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SIOUX CITY -- Georgia Van Gundy, the executive director and board secretary of the Iowa Business Council, said Friday that Iowa has work to do to attract a skilled and diverse workforce to the state.

"Everybody talks about population and diversity, and we want to get something done in this area," Van Gundy said in a Friday morning meeting with the Journal editorial board. She was accompanied by Wells Enterprises Inc. president and CEO Mike Wells. 

The Council on Monday recently released its 2019 competitive dashboard report, which examines Iowa's business competitiveness in five metrics -- economic growth, education and workforce, governance, health and wellness and demographics and diversity. 

Iowa's demographics and diversity rating was poor. The state is the 46th least-diverse state, according to the report, and the state is 30th in overall population. Only 14.1 percent of the state's population is non-white. 

Van Gundy said the state needs to find a way to attract skilled workers, and in general to increase the state's population and diversity. 

Wells and Van Gundy stopped short of taking a position on immigration, which in theory would bring in more diverse workers. Van Gundy told the Cedar Rapids Gazette this week that immigration is "something we're going to tease out." 

"When we look at diversity, it isn't so much about immigration as much as it is, what can we do to make the state of Iowa look similar in diversity of those folks that live here, similar in demographics of what we see across the United States?" Wells said.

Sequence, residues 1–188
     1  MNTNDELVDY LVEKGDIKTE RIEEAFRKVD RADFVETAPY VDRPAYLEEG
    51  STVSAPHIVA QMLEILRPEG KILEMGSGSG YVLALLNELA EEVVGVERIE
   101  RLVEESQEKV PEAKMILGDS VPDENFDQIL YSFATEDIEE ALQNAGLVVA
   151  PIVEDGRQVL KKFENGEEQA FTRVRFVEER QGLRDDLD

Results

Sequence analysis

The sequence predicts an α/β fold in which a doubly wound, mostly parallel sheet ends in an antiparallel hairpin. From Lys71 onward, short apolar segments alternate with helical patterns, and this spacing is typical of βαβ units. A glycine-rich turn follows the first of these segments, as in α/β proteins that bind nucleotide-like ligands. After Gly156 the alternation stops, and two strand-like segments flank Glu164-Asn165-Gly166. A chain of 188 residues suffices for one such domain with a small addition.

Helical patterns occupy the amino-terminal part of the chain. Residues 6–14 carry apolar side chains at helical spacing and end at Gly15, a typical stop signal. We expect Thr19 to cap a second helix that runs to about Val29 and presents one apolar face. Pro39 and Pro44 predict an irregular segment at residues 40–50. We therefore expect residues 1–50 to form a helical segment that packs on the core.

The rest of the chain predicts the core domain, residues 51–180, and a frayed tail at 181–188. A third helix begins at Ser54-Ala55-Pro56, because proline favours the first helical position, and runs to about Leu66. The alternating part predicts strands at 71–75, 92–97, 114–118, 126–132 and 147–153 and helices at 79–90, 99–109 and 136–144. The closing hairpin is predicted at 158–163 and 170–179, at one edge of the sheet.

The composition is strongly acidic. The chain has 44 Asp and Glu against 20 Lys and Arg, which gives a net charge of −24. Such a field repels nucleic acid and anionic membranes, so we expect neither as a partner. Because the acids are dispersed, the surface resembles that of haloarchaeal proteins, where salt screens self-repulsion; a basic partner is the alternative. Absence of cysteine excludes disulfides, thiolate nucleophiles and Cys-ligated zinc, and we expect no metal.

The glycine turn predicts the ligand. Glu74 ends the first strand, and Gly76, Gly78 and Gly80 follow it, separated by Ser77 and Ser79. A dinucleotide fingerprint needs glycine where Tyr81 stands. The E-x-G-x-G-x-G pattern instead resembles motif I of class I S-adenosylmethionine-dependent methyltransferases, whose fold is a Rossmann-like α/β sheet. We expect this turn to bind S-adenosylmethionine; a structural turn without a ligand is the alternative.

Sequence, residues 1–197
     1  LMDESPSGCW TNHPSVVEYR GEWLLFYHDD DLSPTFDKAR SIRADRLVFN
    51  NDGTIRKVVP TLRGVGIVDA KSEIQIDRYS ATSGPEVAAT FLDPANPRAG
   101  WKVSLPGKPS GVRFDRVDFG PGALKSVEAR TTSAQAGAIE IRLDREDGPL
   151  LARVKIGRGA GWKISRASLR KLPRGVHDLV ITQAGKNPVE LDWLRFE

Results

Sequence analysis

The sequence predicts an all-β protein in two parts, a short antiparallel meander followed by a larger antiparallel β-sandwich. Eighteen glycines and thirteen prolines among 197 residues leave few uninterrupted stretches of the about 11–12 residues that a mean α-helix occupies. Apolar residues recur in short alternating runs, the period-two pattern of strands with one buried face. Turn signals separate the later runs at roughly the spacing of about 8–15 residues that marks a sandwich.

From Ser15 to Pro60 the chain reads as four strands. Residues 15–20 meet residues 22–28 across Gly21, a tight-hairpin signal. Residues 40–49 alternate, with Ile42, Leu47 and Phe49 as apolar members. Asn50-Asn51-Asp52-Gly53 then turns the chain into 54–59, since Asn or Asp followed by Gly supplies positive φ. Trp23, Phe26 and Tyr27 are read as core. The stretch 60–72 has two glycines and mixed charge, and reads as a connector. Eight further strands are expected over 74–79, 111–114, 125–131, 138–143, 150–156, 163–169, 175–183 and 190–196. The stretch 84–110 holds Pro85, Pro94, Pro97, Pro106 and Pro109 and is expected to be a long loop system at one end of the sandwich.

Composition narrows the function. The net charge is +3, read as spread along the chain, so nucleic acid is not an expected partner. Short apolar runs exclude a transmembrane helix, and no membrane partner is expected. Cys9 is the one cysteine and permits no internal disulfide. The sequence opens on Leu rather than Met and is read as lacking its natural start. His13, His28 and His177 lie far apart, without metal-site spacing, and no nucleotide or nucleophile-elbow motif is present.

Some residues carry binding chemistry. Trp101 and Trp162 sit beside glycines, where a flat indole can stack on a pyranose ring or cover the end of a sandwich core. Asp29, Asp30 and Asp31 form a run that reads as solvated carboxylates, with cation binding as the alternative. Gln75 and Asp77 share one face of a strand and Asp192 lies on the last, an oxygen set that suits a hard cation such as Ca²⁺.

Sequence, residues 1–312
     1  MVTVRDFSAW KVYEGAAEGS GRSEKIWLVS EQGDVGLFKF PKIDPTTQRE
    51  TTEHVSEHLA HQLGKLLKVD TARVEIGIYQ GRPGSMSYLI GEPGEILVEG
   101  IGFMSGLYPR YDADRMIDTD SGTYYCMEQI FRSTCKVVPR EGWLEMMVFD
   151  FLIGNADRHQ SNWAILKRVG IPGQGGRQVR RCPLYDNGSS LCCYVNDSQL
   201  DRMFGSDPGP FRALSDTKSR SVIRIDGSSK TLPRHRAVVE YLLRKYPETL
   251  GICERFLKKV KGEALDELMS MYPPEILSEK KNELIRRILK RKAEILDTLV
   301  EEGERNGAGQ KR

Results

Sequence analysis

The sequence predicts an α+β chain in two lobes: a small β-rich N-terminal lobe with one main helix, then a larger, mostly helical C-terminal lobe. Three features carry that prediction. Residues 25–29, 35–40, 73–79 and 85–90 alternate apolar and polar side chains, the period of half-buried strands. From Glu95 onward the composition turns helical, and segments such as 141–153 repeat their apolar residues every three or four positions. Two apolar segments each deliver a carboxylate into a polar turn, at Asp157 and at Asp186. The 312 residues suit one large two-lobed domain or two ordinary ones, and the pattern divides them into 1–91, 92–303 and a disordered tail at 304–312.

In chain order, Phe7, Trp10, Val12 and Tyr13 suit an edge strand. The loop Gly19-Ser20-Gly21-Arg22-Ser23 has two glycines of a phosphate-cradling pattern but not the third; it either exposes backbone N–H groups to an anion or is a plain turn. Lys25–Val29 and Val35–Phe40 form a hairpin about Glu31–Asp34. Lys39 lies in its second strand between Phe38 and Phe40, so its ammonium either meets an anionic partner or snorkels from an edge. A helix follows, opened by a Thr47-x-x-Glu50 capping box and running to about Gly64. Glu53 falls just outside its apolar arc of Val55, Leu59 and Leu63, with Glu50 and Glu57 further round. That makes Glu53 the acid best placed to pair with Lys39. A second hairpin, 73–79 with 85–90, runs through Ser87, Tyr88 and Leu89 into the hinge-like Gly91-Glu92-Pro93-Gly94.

For Wells, that means businesses need to embrace and encourage affordable housing options, local quality-of-life and cultural offerings that workers find appealing, as well as bilingual accommodations in the workplace. 

Van Gundy said IBC is "putting together a group of thought leaders" in Iowa to examine the diversity and population issue. 

Policies supported by IBC include Gov. Kim Reynolds' $20 million recommendation for workforce housing tax credits program and reforming childcare benefits regulations to allow recipients to earn more money without losing their benefits. Benefits currently begin being cut off when a recipient's pay goes above 145 percent of the poverty level. 

Van Gundy called it "the childcare cliff effect," and Wells said a number of people find themselves "trapped" in un- or under-employment due to the risk of losing their state childcare benefits. 

"That's when individuals are not taking pay raises, because they lose too much of their childcare benefits in order to do that," she said. The group supports raising the scale to 200 percent of the poverty level, "So that they could continue to increase their income and not significantly lose their benefits." 

Both Van Gundy and Wells spoke at length about Iowa's efforts to improve the state's quality of life. The number of active primary care physicians in Iowa decreased to 82.8 per 100,000 in 2018, and it appears that doctors and other educated people are leaving the state for more attractive opportunities in other parts of the country. 

"Our challenge as a state is to create those opportunities in these communities, so that when you're a well-educated 20-something, you don't feel like you've got to run to the east and the west coast to get the 'life experience' that you're looking for," Wells said. 

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